Joe and his new friend Emmanuelle visited the digi-version of Joe’s apartment and found some digi-drug dealers. A gunfight ensued. So far in V World, when a person gets shot, their avatar will de-rez instantly, but last night, some avatars only partially de-rezzed. The special effect was deeply unsettling.

3. “Holobands Are Not Addictive,” say Holoband manufacturers.

Joe Adama looked stellar in his V World clothes, complete with a white hat and a black suit. In some ways, I think this character is really coming alive in New Cap City – we’re seeing a slightly more playful side of Joe than the stonefaced widower we’ve gotten used to. I laughed a little bit when the Dirigible came overhead, and Joe mumbled, “I hate that thing.” Or how about when he told Emmanuelle, “You’re a real-life Nikki Casino.” I have no clue who or what that is, but something in Esai Morales’ delivery made the line work.

In the real world, though, Joe is a mess. He’s unshaven. He mostly lies on the couch and dies very slowly. He looks a bit like that World of Warcraft guy from the South Park episode, or like a heroin addict. His dissolution is all the more disturbing because, when we first met him, Joe seemed to be cut from Tauronese concrete.

Viewers, it is just me, or has Joe suffered a bit of retcon character-tweak in these first eight episodes? In the pilot, it seemed pretty clear to me that he was a Tauron trying to be a Caprican. That was the central drama of his character: he was an immigrant, trying to make a better life for his family by destroying everything about himself, no religion, no Tauron food. But lately, every subplot seems to be about how he’s a Caprican trying to be a Tauron. It’s a bit of a muddle. It doesn’t help that, like Amanda, Joe’s personal life has mostly shrunk to a room with the lights turned off.

4. The Riddle of the Transvestite

Mysteries looks a bit like a swing-dancing strip club, with a crossdressing MC who’s like an imp-Satan version of Divine. I loved the gun-check room at the door, but what I liked even more was the weird riddle the MC asked Joe: “As the gods overthrew the Titans, so the men have overthrown the gods. But when man visits his sins upon his children, how shall he be repaid?”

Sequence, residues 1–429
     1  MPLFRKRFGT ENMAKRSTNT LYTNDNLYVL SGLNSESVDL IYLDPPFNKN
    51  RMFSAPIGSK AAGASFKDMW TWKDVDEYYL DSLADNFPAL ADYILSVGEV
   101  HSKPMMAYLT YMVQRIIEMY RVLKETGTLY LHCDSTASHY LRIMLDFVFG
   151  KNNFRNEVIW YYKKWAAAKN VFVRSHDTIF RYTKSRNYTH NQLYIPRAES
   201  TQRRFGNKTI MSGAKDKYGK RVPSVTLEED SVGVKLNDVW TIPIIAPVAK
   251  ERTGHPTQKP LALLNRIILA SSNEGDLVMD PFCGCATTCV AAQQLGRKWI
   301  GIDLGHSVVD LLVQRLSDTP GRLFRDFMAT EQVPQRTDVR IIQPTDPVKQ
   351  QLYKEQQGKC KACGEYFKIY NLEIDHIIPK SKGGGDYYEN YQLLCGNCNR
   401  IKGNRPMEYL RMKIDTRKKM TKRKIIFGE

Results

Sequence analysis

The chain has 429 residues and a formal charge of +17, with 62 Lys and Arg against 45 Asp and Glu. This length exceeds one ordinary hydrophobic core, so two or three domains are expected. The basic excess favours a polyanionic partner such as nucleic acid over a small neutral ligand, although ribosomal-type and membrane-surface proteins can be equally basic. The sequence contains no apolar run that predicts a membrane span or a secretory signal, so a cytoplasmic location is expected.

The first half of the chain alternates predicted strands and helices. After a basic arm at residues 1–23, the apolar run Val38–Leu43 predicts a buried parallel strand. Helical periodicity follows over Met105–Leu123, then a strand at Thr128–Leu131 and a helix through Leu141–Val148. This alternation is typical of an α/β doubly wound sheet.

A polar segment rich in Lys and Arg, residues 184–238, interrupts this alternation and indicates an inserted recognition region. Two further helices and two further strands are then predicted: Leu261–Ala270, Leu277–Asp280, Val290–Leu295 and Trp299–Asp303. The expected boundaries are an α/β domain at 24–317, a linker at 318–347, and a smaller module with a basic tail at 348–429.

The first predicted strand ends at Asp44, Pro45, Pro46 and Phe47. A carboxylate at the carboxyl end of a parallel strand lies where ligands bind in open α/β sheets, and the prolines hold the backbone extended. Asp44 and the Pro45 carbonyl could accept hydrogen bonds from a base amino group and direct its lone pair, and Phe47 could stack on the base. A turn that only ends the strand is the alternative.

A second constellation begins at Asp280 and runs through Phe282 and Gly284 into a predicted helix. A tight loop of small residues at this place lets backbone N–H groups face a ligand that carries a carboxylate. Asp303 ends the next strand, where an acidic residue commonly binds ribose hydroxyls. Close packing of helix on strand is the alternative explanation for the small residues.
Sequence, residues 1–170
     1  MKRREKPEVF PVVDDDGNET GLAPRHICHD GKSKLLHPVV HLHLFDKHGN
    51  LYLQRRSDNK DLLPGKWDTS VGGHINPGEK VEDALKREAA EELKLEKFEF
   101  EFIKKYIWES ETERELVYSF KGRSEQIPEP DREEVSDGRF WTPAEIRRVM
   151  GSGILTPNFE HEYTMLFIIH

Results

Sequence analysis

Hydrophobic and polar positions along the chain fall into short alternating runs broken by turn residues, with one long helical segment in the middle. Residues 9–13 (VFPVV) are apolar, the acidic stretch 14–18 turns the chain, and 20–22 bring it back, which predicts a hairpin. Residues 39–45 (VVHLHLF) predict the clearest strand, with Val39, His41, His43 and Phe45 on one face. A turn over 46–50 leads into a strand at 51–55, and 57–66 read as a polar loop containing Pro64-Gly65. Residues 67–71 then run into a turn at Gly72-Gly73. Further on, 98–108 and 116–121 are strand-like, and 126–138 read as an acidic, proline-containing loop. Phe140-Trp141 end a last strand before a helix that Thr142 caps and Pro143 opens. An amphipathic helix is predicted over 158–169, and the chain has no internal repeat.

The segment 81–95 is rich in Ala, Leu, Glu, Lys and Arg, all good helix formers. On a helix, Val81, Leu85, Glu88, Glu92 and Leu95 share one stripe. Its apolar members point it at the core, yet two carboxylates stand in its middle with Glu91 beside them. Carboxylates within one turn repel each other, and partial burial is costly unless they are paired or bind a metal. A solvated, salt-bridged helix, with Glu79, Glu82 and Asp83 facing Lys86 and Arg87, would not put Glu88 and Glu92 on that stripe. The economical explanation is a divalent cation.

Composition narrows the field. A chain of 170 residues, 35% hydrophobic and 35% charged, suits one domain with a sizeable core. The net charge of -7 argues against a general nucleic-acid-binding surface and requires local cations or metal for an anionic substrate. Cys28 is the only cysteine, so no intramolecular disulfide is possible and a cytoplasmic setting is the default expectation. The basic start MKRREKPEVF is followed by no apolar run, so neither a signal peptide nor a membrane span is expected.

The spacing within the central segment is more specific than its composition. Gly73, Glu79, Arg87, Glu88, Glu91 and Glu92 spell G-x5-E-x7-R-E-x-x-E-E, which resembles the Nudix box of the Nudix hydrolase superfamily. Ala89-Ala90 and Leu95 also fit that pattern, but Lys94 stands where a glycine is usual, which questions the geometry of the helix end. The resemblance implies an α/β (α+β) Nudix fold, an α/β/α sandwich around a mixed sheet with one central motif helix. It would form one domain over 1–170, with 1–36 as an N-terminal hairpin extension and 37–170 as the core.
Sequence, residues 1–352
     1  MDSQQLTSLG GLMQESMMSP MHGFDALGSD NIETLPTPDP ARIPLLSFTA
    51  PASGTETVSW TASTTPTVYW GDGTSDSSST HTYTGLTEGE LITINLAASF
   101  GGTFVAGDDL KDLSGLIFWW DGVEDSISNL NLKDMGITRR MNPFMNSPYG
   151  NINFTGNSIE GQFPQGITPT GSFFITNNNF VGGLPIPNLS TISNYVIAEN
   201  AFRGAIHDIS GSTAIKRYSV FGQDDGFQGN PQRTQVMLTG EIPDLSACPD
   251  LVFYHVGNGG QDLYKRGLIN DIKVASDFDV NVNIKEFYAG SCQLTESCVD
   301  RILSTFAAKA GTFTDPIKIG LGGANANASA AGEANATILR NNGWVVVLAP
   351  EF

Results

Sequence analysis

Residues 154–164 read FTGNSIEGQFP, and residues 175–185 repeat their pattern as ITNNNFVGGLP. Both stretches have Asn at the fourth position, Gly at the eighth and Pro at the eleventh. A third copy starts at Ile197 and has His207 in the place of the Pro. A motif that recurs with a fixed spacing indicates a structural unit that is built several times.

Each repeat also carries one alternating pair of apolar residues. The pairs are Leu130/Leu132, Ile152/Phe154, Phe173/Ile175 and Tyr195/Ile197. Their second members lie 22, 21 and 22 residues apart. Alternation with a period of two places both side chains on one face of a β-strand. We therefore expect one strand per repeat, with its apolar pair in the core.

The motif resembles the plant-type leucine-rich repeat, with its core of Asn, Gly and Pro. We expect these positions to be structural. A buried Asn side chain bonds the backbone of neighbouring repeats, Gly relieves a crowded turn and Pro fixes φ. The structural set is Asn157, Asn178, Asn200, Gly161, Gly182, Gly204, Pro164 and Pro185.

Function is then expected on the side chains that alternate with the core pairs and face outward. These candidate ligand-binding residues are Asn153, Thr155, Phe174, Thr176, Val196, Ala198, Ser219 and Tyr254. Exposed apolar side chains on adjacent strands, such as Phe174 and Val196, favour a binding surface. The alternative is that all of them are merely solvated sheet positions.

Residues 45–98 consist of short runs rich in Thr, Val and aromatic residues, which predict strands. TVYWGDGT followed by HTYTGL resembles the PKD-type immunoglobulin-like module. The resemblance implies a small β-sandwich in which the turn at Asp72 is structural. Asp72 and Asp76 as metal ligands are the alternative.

This was a tease to the greater BSG mythos – the Cylons are often said to be “Mankind’s children” – but it also complicated our understanding of the episode. Last night, after all, Caprica‘s two main storylines were about fathers obsessed with their dead daughters. Daniel Graystone set his daughter’s ghost on fire, which is not very nice. But the conclusion of the episode also forced Joe to ponder his search for his own daughter. After all, New Cap City is just as real as life; maybe it’s the best place for a dead girl like her?


Last night’s episode felt uncomfortably off-balance. I’d say it was the worst episode so far, except that all the Daniel/Zoe stuff was incredible. But that just hits on something more worrisome: even when Caprica is good (and this show can be very, very good), it never seems to have actually figured out a fine balance between its multiple selves.

And sometimes, it just feels repetitive. Last night featured interminable scenes of Lacy and Zoe hanging around the V Club and talking vague conspiracy, and lots of Sister Clarice vaguely seducing someone to her will, and lots of Joe Adama vaguely yelling “TAMMMMY!” (If this show were more popular, “TAMMMMY!” would be the new “WAAAALLT!”) This all felt old four episodes ago.

What did you think of last night’s episode, viewers? Do you agree with me that some elements felt a bit tired, or do you demand to see more of the Sister Clarice’s husbands tilling the garden? Do you think that you could’ve watched a whole hour of Daniel and Zoe? What kind of cigarettes is Amanda smoking? And should the writers have stuck to their guns and actually killed Caesar the dog?